An Unexpected Third Act

After three years of retirement, Corey Wong’s love for business brought him to software-development company Informatica, where he’s doing some of the best work of his career

At Informatica’s Redwood City, CA, headquarters, a collaboration area in R&D has open-plan seating alongside breakout areas.

Corey Wong loved retirement. “For two years, my wife and I traveled the world,” he says. “I golfed every day. I ate tons of food. It was pretty glorious.” It might come as a surprise, then, that Wong’s retirement lasted only a few years. It wasn’t boredom, per se, that brought him back into the real estate and workplace solutions field, but rather what he calls “the itch.”

“I really missed the buzz of the workplace,” he says, and it’s easy to sympathize when he describes retirement as “quitting work cold turkey.”

“You can’t just walk away from 35 years of your professional life,” he says, noting that he missed the communication and intellectual stimulation his career had offered him. That led him to try consulting, which he spent the third year of his retirement dabbling in. And while it satisfied certain needs, it felt like he was only going halfway.

“As a consultant,” he says, “you don’t get to execute.”

Still, the appeals of retirement are abundant, so when Informatica, the world’s leader in enterprise cloud data management, called, he wasn’t immediately sold on moving back into the workplace. “They called me two times, and finally, reluctantly, I said I’d just come in and talk,” Wong says.

He wound up being taken with the company, which was on the verge of a transformation that inspired in him his own ideas for reinvention. Despite being a 25-year old company, he notes, Informatica functions like a startup, and its emphasis on work-life balance was refreshing. He also mentions Informatica’s spirit of collaboration, which he describes as unique.

“They really want to collaborate,” Wong says. “I’ve worked a lot of places, and in 38 years I’ve seen a lot of people pay lip service to such things, but the people here are really with it. I noticed that right away when I interviewed.”

He said he’d be interested in coming onboard, but only if he and his team were made an integral part of the business.

“If I join, I need to come and really do something,” he says. “I’m not just going to come in and run your facilities and janitorial services. If you’re truly trying to make a difference with the workplace and the facilities and the locations, then I need to really be allowed to make changes.”

Workrooms have isolating felt panels to block noise and vision as needed. The Redwood City HQ space fosters independent work as well as collaboration.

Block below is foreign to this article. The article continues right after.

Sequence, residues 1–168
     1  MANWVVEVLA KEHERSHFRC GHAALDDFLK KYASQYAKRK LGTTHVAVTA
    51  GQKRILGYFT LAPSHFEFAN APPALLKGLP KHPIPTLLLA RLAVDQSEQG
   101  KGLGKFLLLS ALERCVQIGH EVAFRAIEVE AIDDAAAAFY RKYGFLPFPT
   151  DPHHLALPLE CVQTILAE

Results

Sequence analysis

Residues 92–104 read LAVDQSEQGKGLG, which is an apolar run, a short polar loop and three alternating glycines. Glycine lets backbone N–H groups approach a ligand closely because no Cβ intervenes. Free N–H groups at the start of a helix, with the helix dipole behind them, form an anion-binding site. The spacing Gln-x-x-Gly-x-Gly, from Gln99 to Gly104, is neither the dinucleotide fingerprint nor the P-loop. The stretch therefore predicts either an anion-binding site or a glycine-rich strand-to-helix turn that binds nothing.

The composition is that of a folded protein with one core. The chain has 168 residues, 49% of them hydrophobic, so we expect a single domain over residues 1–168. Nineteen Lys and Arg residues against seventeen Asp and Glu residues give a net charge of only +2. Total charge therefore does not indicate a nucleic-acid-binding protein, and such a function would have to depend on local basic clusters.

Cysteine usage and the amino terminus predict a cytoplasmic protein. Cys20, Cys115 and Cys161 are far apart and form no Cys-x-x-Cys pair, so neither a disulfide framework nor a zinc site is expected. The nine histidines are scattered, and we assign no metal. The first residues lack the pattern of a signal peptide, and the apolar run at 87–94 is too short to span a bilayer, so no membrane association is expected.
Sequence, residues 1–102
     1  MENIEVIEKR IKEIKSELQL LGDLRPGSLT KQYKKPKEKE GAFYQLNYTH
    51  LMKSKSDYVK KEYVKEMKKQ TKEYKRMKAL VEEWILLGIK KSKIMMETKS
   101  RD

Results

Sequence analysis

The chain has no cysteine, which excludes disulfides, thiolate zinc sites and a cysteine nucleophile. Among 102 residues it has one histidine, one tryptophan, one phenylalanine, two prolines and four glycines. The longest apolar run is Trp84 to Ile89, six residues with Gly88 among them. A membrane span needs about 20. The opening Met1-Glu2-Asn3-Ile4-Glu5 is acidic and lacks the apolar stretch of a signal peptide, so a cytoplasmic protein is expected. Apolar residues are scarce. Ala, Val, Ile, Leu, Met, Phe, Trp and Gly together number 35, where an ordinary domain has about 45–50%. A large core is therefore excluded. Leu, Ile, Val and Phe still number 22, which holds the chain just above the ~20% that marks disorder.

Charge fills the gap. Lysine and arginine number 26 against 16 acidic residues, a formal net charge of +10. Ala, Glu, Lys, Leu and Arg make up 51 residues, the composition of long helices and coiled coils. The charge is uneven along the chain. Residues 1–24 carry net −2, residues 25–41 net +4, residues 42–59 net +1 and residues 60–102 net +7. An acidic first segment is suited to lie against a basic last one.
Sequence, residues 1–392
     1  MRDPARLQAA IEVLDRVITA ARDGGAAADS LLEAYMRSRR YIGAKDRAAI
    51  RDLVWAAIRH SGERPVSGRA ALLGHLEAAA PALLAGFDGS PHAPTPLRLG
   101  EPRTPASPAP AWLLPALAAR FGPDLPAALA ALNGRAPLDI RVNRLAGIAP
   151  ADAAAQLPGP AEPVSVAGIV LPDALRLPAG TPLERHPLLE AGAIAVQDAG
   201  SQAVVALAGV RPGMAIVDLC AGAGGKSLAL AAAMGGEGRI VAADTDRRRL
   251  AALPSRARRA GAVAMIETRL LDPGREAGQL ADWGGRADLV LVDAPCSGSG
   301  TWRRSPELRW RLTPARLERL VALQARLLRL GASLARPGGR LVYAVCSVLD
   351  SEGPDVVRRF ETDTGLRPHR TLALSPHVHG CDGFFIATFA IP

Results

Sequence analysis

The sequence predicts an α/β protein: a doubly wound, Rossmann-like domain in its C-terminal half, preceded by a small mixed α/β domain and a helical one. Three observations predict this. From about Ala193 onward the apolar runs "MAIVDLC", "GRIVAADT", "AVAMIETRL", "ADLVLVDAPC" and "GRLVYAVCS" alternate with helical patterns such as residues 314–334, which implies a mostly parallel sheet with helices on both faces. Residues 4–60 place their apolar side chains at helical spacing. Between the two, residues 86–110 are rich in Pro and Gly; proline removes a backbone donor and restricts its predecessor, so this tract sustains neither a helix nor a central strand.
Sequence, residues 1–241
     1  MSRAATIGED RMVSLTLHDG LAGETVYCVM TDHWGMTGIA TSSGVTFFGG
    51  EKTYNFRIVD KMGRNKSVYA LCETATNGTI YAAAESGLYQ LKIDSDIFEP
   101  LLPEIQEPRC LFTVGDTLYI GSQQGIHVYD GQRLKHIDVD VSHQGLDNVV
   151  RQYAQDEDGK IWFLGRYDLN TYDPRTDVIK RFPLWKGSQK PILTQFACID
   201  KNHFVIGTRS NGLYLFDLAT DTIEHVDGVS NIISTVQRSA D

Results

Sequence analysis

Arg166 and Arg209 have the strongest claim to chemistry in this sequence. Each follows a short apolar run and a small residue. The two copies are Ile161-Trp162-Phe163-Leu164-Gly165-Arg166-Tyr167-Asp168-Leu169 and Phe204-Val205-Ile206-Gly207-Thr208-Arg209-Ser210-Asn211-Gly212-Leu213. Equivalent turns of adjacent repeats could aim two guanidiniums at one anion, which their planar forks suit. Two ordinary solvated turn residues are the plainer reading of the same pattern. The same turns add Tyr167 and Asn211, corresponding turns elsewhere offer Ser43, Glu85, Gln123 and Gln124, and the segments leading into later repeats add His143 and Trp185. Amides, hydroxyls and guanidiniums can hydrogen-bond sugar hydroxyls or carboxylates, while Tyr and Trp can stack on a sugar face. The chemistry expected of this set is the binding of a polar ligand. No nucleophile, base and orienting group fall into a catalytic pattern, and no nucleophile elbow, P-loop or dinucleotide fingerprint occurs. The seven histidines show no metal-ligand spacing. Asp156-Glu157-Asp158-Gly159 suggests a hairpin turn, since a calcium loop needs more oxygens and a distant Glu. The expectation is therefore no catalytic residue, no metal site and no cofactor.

Informatica was sold, and Wong was given what he calls “free reign,” as well as direct access to the company’s board, with promised board approval within 24 hours. That was a deal Wong couldn’t refuse. He set right to work, too, and within two and a half years has transformed a staggering 80 percent of the company’s portfolio.

His first priority was the construction of customer-facing, high-performance office spaces—ones that he describes as “employee enabling.” This change, which involves shifting to an open office plan and better facilitates Informatica’s culture of collaboration, not only boosts face-to-face interactions but also assists with attraction, retention, and morale of the team, Wong says. Not only are the team members and leaders sitting in the open office; the CEO and CFO are, too.

“Some were a little bit concerned with the CEO being right across the way from them,” Wong says with a laugh. “They’re worried the CEO will be paying attention to what they’re doing, and I said, ‘Yes, but you get to pay attention to what the CEO is doing; it goes both ways.’”

Wong also worked to consolidate two different headquarters into a single building in Redwood City, California—to better execute and represent the company’s brand identity as “provocative, brilliant, and sleek”—in addition to adding some new regional offices in several of Informatica’s auxiliary cities, including Tokyo, Dublin, Bangalore, and Austin.

A huge concern for Wong was ensuring that all these changes would impact the bottom line positively. By repositioning the portfolio the way he has, though, Wong has turned his transformations into a profit center. “We’re generating lease revenue from certain properties around the world,” he says. “We’re not a real estate company, but we’re going to take advantages of those areas where we can add to the bottom line.”

Most impressive of all, perhaps, is that Wong’s able to do it all with a lean team. “Between the five of us, we make it happen all over the world,” he says, and he’s not kidding. Despite Informatica’s business operating across multiple continents, Wong stays connected with his team on a regular basis through video conferencing and a structured, transparent leadership style.

While he loves Informatica’s startup mentality, he also knew there was space in the organization for greater standardization. For Wong, it’s integral to establish particular guidelines and processes for your team while also being up front about each team member’s goals, roles, and responsibilities. “Standard communication” is another phrase he uses, citing the need for regular meetings, “whether it’s through phone, WebEx, or video conferencing.”

“It can’t be ad hoc,” he says. “It has to be regimented. Otherwise, it doesn’t work out.”

Still, this isn’t to say he doesn’t still embrace the creative, open-minded environment of Informatica. “Just a little bit of structure and process and definition and goals goes a long way,” he says.

A nice bonus? Through all of it, he is still finding time to golf.

Photos: Courtesy of Informatica, Boris Amchislavsky

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